WASHINGTON — Members of Congress joined Rep. Alexandria Ocasio-Cortez, D-N.Y., on Thursday in speaking about their experiences during the Jan. 6 deadly riot on the Capitol on the House floor.
After days of backlash since Ocasio-Cortez told her own story from that day on social media, the congresswoman organized an hour aimed at “creating space for members to talk about their lived experience on January 6 and the need for accountability.”
In sometimes emotional speeches, members talked about where they were the day insurrectionists breached the Capitol and the need for accountability for the rhetoric they say incited the violence.
Members such as Rep. Sheila Jackson Lee, D-Fla., recognized the police officers and other staffers who put their lives in danger that day to defend Congress, including Capitol Police Officer Brian Sicknick, who died the next day from injuries sustained in the attack and who laid in honor at the Capitol earlier this week.
“As I mourn and honor Officer Sicknick, as he was honored by being in a state of honor in this House, I was reminded of the many officers, Capitol Hill and Metro Police that are in hospitals, that are still hurting and that are still suffering,” she said.
Jackson Lee also recalled being at the Capitol the day of the 9/11 terrorist attacks in 2001, saying she saw a similar reaction in Congress when members focused their energy on trying to protect their staffers.
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Rep. Dean Phillips, D-Minn., said he was one of 20 of his colleagues who were in the gallery and took cover on the floor among the seats while rioters attempted to breach the room.
“We know what it feels like searching for something, anything, with which to defend ourselves, and realizing a pencil is about all we had,” Phillips said. “And we know what it feels like that it’s a real possibility that we would not see our families and loved ones again. We won’t forget.”
Freshman Rep. Cori Bush, D-Mo., compared the experience on Jan. 6 to that of participating in anti-racism protests and facing violence from police and white supremacists.
“I feel like I’m back,” she said. “I feel like this was one of the days on the streets when the white supremacists would show up and start shooting at us,” Bush said.
Through tears, Rep. Rashida Tlaib, D-Mich., said that while she was not present at the Capitol on the day of the siege, she watched on television and feared for the lives of her colleagues. She said she knows the dangers of serving in Congress from the death threats she has received since her first day in office: “Each one paralyzed me, each time.”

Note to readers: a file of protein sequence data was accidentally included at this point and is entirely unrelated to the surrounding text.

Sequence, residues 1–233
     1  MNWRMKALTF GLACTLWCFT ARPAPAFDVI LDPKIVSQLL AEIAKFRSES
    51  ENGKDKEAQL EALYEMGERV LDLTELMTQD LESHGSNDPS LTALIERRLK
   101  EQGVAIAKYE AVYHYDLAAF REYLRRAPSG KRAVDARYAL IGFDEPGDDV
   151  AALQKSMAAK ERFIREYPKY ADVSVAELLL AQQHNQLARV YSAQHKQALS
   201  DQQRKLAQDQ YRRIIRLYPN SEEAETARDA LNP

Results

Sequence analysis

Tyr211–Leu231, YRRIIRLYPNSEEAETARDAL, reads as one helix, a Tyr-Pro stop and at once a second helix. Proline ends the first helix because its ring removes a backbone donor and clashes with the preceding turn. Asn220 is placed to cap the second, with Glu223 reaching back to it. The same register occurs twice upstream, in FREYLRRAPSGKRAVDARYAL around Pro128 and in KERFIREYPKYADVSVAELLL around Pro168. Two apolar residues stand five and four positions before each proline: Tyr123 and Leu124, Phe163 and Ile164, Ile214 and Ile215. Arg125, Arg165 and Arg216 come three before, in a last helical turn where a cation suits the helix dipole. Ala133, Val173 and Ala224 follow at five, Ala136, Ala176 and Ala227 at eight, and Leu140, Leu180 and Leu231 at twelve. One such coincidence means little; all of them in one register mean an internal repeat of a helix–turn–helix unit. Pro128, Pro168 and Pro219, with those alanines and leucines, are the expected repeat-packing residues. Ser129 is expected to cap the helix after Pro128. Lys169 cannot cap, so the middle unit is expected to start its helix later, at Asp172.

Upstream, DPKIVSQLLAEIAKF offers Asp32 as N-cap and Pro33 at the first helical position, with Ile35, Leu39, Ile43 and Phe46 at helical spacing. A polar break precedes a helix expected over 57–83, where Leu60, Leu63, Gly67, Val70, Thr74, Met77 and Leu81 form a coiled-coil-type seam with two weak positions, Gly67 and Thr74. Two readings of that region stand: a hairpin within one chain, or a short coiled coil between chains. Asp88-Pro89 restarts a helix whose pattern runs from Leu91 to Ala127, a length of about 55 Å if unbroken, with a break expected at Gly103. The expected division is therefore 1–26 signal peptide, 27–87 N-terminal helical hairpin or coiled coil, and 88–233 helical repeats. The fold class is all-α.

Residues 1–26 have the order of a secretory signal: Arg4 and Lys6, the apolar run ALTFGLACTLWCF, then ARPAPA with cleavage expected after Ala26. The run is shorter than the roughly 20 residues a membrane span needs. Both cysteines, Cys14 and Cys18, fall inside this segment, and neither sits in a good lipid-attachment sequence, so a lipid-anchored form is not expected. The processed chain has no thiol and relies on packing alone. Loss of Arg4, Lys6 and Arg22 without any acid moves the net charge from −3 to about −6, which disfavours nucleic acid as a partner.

As she spoke, Ocasio-Cortez came to comfort her and someone else brought her a box of tissues.
“All I could do is thank Allah that I wasn’t here. I felt overwhelming relief,” Tlaib said. “And I felt bad for Alexandria and so many of my colleagues that were here, but as I saw it, I thought to myself, ‘Thank God, I’m not there.’ “
The “special order hour” organized by Ocasio-Cortez came days after she spoke of her time during the deadly pro-Trump riots.
On Instagram Live on Monday, the Democrat from New York recounted the fear she experienced when a Capitol Police officer she initially thought was an insurrectionist entered her office, and how she later sheltered with Rep. Katie Porter, D-Calif., and barricaded Porter’s office doors for hours.
“The reason I’m getting emotional in this moment is because these folks who tell us to move on, that it’s no big, that we should forget … these are the same tactics of abusers,” Ocasio-Cortez said Monday. “And I’m a survivor of sexual assault. … But when we go through trauma, trauma compounds on each other.”
“‘Can we just forget this happened so that I can do it again without recourse?’ And that’s what these folks are asking,” she said during her Instagram Live.
On Thursday, Ocasio-Cortez repeated her condemnation of some Republicans she said are pushing their colleagues to move on from the events of Jan. 6, likening the actions to those of abusers.
Rep. Mark Takano, D-Calif., echoed her in urging people to take the events that happened Jan. 6, and other traumatic events, seriously.
“Don’t let anybody gaslight, or belittle or dismiss what happened on Jan. 6,” Takano said. “It was a serious event.”